5 The Thirty-Years War
This war had it all! Religious strife, territorial disputes, succession issues and more! It began in central Europe with Catholics fighting Protestants, but soon engulfed much of the continent with belligerents citing so many reasons for involvement it is nearly impossible to figure out exactly who was fighting who and for what reason. A series of treaties worked out during the year 1648 that collectively came to be called The Peace of Westphalia halted much of the fighting, with certain countries recognizing each other’s right to exist and certain religious groups agreeing to tolerate the survival of their counterparts.
4 The Cold War
From the closing days of WWII until the final breakup of the U.S.S.R. in the early 1990s, a state of war almost existed between the Soviet Bloc and the capitalist West. The nearly five decades of the Cold War saw the development of weapons too horrid to imagine, the acceleration of scientific development too amazing to think of living without, and a series of so-called “proxy wars” fought in locations unlikely to draw the two superpowers, the U.S.S.R. and the U.S.A., into an actual shooting war. Countries like Korea, Vietnam and Chechnya saw battle, while the world at large saw a cold war.
3 The Punic Wars
Carthage and Rome hated each other, plain and simple. From its base in modern Italy, Ancient Rome saw its imperial ambitions blocked primarily by the Carthaginian kingdom located in Northern Africa and modern Spain. The Ancient World was not big enough for two growing civilizations, and thus between 264 and 146 B.C., the two empires fought a series of massive wars. The Punic Wars saw battle at sea, elephants crossing the Alps, the fall of Hannibal and, eventually, the largely unchecked dominance of Rome over much of the known world.
2 The Hundred-Years War
This century-long conflict between the French and the Brits actually lasted more than 122 years, but that doesn’t have the same ring. And it was more like “The Hundred Years of Sometimes We Fight a Lot and Sometimes Things Are Cool,” but that too lacks charm. At stake was no less than the throne of France, with the mixed bloodlines of the English and French monarchs making it hard to tell who had rightful claim. Famous figures such as Joan of Arc and Edward III rose to international prominence; the Black Death changed the course of the war only to have battles such as Agincourt change it right back! And in the end some treaties doled out land among rich nobles.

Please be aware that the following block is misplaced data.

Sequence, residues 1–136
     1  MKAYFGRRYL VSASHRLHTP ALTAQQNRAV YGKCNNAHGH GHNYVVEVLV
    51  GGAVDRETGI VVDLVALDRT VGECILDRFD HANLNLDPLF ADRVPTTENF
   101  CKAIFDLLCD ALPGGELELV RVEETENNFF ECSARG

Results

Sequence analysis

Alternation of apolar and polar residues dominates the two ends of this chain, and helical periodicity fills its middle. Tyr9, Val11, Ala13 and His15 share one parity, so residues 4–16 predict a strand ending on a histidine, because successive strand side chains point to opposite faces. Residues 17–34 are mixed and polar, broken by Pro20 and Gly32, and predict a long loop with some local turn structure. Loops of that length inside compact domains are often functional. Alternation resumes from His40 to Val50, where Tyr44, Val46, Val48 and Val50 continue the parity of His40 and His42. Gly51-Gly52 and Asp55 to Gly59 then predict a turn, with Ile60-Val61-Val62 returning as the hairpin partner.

1 The Three-Hundred-and-Thirty-Five-Years War
This “war,” history’s longest pseudo-conflict, exemplified the antiwar expression, “Suppose they gave a war and nobody came.” During the English Civil War, a group of Royalists took refuge on an archipelago of the U.K. named the Isles of Scilly. The Netherlands, allied with Cromwell’s forces, declared war on this breakaway region and dispatched their navy. And that was it. The Dutch navy never attacked, eventually sailing home. That was in 1652. In the year 1986, some ambassadors realized that, ever so technically, a state of war still existed between these close modern allies, and formalized a peace treaty between the U.K. and The Netherlands.
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